What attracted you to RealPort and taking on the responsibility of working with us? 

The team was a big factor and a huge attraction. Their passion and interest for the technology being used and platform was major. Initially what sparked my interest was the blockchain element to the solution. Considering my deep interest in this genre of technology, its bond with renewable energy makes it an area that I think can be interesting going forward. I’ve worked in the typical investment banking sector for most of my career, but I liked the simple concept of allowing not only large institutions exposure to renewable energy, but smaller ones too, and maybe even individuals down the line. RealPort’s proposition makes that happen through its technology and is conceptually fascinating.  

You are a member of RealPort’s Asset Selection Committee. Can you speak about the ASC mandate and how you will be working with the Team at RealPort? 

It’s an evolving work stream right now and hasn’t been finalised in its entirety. The spirit of what we’re doing is to make sure all the assets that are onboarded onto the RealPort platform meet the criteria that RealPort has pre-identified. We make sure that when a new asset is onboarded, it meets all the key criteria, returns, risk metric, etc. Our job is not to judge whether a deal is good or bad, but merely make sure each asset’s characteristics meets the predefined criteria.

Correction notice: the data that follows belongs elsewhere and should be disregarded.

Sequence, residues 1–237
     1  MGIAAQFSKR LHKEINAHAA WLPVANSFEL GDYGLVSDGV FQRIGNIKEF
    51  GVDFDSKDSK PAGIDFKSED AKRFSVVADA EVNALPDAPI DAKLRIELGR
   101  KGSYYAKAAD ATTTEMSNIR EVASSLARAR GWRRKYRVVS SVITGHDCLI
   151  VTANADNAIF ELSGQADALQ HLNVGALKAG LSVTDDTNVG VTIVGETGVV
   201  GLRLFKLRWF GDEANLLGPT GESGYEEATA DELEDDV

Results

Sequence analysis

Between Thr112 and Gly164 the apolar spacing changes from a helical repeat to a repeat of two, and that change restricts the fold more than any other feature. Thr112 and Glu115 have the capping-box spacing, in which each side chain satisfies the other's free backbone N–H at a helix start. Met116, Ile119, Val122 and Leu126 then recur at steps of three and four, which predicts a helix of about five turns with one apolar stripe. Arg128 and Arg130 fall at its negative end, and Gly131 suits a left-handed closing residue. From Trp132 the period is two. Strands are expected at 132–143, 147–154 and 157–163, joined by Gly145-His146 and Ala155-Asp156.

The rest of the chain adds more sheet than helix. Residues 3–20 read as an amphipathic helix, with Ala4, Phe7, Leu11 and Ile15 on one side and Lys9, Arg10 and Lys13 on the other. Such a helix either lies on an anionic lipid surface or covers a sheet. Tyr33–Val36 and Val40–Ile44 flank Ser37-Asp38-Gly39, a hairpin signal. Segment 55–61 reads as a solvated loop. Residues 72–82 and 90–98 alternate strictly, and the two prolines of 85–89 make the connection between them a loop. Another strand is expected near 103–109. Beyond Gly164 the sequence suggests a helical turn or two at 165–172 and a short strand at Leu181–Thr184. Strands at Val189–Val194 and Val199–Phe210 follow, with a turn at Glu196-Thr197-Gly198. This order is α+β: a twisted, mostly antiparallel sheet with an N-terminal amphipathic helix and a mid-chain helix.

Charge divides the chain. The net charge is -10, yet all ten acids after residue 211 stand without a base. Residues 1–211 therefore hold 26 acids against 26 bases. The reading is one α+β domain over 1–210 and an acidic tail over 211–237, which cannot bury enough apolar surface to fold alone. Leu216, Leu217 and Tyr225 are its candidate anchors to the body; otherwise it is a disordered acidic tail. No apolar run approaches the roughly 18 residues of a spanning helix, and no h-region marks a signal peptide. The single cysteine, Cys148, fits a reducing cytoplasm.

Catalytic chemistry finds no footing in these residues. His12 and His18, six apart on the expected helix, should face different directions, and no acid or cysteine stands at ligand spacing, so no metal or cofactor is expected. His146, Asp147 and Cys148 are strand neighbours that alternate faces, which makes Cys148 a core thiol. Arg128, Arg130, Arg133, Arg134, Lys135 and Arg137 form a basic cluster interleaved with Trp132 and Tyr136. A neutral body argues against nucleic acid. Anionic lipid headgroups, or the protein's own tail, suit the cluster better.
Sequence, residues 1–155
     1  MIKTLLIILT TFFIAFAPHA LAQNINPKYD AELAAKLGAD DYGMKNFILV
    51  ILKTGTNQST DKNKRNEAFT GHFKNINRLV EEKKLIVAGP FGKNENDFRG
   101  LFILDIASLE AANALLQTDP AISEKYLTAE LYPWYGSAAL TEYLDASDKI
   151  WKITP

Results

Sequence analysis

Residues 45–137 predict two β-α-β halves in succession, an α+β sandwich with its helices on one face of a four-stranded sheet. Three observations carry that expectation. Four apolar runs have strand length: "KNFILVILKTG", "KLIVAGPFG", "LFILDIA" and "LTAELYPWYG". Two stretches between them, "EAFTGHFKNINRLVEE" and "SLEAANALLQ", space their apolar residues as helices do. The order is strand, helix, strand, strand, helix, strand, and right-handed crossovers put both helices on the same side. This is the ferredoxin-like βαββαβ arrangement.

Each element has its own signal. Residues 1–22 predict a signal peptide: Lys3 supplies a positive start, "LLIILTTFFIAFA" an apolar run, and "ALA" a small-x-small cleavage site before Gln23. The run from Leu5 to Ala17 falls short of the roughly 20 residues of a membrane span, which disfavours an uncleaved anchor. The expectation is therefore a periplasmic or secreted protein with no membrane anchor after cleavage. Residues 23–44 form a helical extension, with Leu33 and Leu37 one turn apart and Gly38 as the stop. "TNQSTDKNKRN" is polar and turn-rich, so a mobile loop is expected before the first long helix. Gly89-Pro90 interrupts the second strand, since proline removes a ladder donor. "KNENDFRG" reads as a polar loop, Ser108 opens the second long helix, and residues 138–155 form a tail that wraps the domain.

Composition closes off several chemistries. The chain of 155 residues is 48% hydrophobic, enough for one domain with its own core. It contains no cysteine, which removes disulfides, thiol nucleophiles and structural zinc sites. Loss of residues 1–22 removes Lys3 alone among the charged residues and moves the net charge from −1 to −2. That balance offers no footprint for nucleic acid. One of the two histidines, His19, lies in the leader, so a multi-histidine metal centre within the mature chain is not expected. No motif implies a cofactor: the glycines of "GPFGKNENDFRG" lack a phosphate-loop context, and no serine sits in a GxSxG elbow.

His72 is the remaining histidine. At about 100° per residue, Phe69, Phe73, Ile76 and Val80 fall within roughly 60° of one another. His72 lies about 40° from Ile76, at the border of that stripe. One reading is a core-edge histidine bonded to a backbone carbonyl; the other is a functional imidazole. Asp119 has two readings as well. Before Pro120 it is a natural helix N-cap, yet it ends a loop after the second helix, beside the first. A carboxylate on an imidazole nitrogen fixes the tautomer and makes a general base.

What value is the ASC going to provide to RealPort’s clients? What standards will be met through the work? 

It’s important to take a step back and understand that all infrastructure assets have their own specific nuance. A solar farm in Germany, for example, is not the same as an asset in the UK in terms of economics or risk profile. From an investor’s point of view, it’s comforting knowing that the people on the committee can distinguish between assets and ensure they meet certain criteria set out by RealPort as to what an appropriate asset to onboard is. A committee making investors feel comfortable has a snowballing effect. If they are comfortable, they invest and if they invest that means asset owners are more likely to sell down pieces of their portfolio.